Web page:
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1: MiGs Over Moscow
A MiG-29, as seen from
Think things have changed in the former Soviet Union? Well, even a capitalist dog can fly a supersonic Russian warbird these days.
The Mach meter reads .85 as I ease the MiG-29 into level flight at 45,000 feet. We are only a few minutes' flying time from Moscow's Red Square. I nudge the power levers full forward and momentarily sag into my seat as the afterburners smoothly catapult the MiG toward the sound barrier with a deep, muffled growl. The Mach meter leaps past .90, .95, 1.0, 1.1! "Supersonic pilot!" hollers Ural Sultanov, one of Russia's top test pilots, into the intercom. By the time he yells "Congratulations!" we are streaking along at 1.6 times the speed of sound.
The controls of a MiG-29 (left) look intimidating, but with Incredible Adventures, you don't have to be a pilot to fly.
Each trip is custom-designed to suit individual schedules and flying preferences. From the minute you clear passport control at Moscow's international airport, you are coddled by Incredible Adventures' country manager, Julia Ragona, and her delightful Russian staff. Ragona, who put graduate school in Russian Studies on hold to run the program when she moved to Moscow from the United States three years ago, is fluent in Russian, and her colleagues are also bilingual.
The flights are from the air base at Zhukovski, a town established during the Soviet era on the outskirts of Moscow as the research and development center of the aviation industry. Until recently Zhukovski was a so-called "closed town," unapproachable (except by spy satellite) by anyone without the proper credentials.
The Gromov Flight Research Institute's flight line will satisfy any flight of fancy from Cold War nostalgia sorties to the thrill of Mach-busting and the brute pleasure of pulling gut-warping g 's. "Being the country's most prestigious flight test facility, they have a two-seat version of every exciting jet, with full dual controls," Ragona says. And they have the ideal pilots to fly them with you. Sultanov, Alexander "Sasha" Garnaev, and the institute's other test pilots did much of the original test flying on some of the jets in the program.
For my money, the most thrilling options are flying two of the most modern supersonic fighters in the world, the MiG-29 and Sukhoi 27. The supersonic lineup also includes the classic MiG-21, which came to symbolize Soviet air power during the 1960s and tangled with American Phantoms over Vietnam. There is the MiG-23, a big swing-wing fighter/bomber that played cat and mouse with the mujahideen in Afghanistan. A favorite is the massive, needle-nosed MiG-25 Foxbat, the once-feared high-altitude interceptor and spy plane that roams the edge of space. Another popular choice is the subsonic L-39 Albatross jet trainer on which many Warsaw Pact fighter pilots earned their wings. It is a spunky little jet, a joy to wring out, and entirely capable of pulling enough g 's to put you to sleep. It is a bargain at about a fourth of the cost per sortie of the big, kerosene-guzzling fighters. A flight or two in the L-39 is the perfect introduction to flying military jets, and the best way to gear up for the main event.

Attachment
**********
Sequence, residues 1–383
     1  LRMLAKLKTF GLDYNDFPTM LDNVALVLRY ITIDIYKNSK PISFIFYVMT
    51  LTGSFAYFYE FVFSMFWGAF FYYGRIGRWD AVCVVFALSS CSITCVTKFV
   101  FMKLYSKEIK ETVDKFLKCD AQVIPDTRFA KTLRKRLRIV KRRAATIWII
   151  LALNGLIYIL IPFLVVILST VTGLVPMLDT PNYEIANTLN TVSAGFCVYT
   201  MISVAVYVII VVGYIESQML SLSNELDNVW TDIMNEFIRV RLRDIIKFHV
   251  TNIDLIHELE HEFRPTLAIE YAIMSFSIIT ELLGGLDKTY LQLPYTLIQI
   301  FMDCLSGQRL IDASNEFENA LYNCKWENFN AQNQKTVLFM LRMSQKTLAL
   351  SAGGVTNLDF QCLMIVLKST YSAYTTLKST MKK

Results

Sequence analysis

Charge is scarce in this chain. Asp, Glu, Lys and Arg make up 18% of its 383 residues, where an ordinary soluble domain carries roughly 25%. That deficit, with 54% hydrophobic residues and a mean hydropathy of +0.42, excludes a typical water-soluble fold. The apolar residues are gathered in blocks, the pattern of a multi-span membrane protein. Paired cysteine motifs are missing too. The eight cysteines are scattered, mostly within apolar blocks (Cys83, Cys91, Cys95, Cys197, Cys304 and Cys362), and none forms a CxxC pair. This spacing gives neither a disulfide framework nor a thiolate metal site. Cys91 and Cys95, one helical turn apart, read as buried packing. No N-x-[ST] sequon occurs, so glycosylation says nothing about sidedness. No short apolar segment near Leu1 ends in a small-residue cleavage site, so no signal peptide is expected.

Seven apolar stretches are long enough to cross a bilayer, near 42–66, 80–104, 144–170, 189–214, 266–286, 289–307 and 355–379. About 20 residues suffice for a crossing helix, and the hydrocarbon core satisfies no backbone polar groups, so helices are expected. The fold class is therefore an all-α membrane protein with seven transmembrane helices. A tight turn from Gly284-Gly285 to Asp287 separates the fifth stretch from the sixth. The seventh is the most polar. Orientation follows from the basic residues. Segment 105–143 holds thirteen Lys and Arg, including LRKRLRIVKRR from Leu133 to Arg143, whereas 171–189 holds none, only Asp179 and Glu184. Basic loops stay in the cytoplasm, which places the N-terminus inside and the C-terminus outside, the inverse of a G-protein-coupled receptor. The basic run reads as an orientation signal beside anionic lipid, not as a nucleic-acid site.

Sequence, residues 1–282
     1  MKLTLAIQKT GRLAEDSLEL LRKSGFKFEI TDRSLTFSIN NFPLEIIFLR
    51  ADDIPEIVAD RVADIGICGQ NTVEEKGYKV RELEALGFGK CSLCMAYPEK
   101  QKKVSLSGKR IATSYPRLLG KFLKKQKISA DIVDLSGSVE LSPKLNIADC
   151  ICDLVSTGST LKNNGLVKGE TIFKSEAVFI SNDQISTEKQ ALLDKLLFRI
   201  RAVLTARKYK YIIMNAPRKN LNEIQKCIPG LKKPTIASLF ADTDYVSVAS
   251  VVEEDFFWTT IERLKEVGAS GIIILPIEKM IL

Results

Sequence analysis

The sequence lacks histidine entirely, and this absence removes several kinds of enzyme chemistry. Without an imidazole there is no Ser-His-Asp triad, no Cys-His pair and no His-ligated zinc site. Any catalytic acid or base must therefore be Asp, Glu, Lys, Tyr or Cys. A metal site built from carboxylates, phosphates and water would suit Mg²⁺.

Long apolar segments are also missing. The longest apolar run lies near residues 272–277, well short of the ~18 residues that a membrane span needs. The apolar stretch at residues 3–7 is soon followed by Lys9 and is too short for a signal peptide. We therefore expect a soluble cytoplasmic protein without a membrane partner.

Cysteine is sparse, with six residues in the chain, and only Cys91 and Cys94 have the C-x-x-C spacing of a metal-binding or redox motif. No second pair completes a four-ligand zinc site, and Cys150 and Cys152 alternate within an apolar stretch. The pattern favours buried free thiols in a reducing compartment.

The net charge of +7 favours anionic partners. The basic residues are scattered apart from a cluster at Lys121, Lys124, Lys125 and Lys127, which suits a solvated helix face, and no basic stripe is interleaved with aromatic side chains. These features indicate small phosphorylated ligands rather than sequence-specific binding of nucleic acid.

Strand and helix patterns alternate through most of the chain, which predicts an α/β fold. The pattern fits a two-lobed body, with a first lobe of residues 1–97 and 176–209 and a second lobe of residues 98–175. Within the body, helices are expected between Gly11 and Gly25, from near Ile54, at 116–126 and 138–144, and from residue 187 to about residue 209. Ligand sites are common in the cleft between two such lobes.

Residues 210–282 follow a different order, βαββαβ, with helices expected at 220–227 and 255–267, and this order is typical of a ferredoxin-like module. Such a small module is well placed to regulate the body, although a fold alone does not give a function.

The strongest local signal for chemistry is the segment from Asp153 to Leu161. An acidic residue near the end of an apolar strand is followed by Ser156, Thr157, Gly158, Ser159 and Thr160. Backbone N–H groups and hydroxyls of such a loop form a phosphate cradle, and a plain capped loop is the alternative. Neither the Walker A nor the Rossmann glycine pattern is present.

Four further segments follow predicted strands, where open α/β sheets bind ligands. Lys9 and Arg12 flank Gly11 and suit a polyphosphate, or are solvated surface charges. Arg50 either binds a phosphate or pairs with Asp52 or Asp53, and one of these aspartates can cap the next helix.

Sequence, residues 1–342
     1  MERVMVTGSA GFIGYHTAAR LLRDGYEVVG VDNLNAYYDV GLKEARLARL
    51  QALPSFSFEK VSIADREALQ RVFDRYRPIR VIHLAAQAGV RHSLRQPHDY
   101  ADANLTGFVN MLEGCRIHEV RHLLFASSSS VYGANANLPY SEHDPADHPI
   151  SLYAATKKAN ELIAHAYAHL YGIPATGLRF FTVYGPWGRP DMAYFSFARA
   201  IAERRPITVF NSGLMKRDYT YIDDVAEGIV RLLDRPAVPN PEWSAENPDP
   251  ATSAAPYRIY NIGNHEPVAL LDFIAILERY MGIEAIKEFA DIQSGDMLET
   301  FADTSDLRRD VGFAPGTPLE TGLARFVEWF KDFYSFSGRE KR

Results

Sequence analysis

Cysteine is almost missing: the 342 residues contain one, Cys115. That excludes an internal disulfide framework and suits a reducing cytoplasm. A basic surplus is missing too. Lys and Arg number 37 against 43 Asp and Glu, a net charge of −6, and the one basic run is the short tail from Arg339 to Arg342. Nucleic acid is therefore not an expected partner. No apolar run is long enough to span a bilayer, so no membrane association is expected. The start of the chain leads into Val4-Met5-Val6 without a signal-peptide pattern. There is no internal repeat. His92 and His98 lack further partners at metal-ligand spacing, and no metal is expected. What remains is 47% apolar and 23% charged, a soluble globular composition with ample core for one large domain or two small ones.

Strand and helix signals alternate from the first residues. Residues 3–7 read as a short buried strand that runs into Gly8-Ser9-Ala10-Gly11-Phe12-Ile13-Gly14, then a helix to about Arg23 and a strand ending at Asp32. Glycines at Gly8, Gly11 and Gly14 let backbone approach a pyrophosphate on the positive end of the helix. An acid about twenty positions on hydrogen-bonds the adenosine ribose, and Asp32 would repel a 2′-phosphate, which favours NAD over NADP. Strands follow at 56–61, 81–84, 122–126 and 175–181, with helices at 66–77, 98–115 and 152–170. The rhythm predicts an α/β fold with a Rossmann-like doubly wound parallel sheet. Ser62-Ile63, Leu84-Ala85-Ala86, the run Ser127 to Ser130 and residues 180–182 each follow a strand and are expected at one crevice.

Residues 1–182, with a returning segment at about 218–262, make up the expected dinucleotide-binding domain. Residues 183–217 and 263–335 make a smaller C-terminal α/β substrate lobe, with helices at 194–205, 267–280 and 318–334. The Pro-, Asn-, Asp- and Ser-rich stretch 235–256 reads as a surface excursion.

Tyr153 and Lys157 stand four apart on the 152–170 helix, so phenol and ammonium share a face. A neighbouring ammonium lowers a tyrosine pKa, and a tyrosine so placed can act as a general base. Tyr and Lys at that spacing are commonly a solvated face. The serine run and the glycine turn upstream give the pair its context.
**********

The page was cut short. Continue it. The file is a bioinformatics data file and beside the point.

Many Top Gunski wanna-bes find that once is not enough. A steady stream of repeat clients convinced Incredible Adventures to hold its first-ever Alumni Week last spring. Five of the nine members of our group had flown most of the available aircraft on previous trips. "I so enjoyed flying the L-39s last time that I'm back to fly them exclusively," says Norvin Pellerin of New Orleans. He also convinced his two sons to join him to try the MiG-29 and the Sukhoi. The Pellerins are all pilots. At home they fly a King Air 200 for the family business.
Harris Rutsky from California, Dan Nishimoto from Hawaii, and Renzo Lucchesi from Italy had all flown the Foxbat and were back for more with the other jets. Max Dereta, a photographer, parachutist, and jet junkie from Holland, was returning for the fourth time to fly the Sukhoi. None are pilots. Nor is Mike Robinson, a friend of Rutsky's, who decided to tag along to check out Moscow and fly the L-39.
It is Alumni Week's first flying day. We sail through the security check at the entrance to Zhukovski air base as if it were a turnpike tollbooth. The base is vast and somewhat unkempt, but no more so than Moscow itself. Maintaining real estate has never been the country's strong suit. Our attention, however, quickly shifts to the acres of aircraft before us: transports, cargo planes, fighters, bombers, helicopters. "Every Eastern bloc airplane you've ever seen in a book when you were a kid," remarks Jim Pellerin.
We are all given the thumbs-up on a brief preflight medical. "You are perhaps a little nervous?" asks the sympathetic flight surgeon after some of the blood pressure checks. "The purpose of the medical is to make sure people don't take on more than what they are physically up to," explains Ragona. "They are unlikely to ground anyone, but they do advise some people to go easy on the g 's." Incredible Adventures recommends that Top Gunski gotta-bes consult with their own doctors about flying the jets prior to writing any big checks.
Next, it is on to the fitting room where we are decked out in g -suits, flight suits, helmets, and oxygen masks. I wrap the g -suit, a double-walled girdle, around my waist and each leg all the way down to my ankles, and zip it up with the help of the nice ladies who rule the room. A tube protrudes from the suit's left side, which gets hooked to an air pump in the airplane. As the g 's mount in flight, the suit inflates and puts pressure on the pilot's torso and legs. This restricts the blood from being drained from the upper body and increases g tolerance.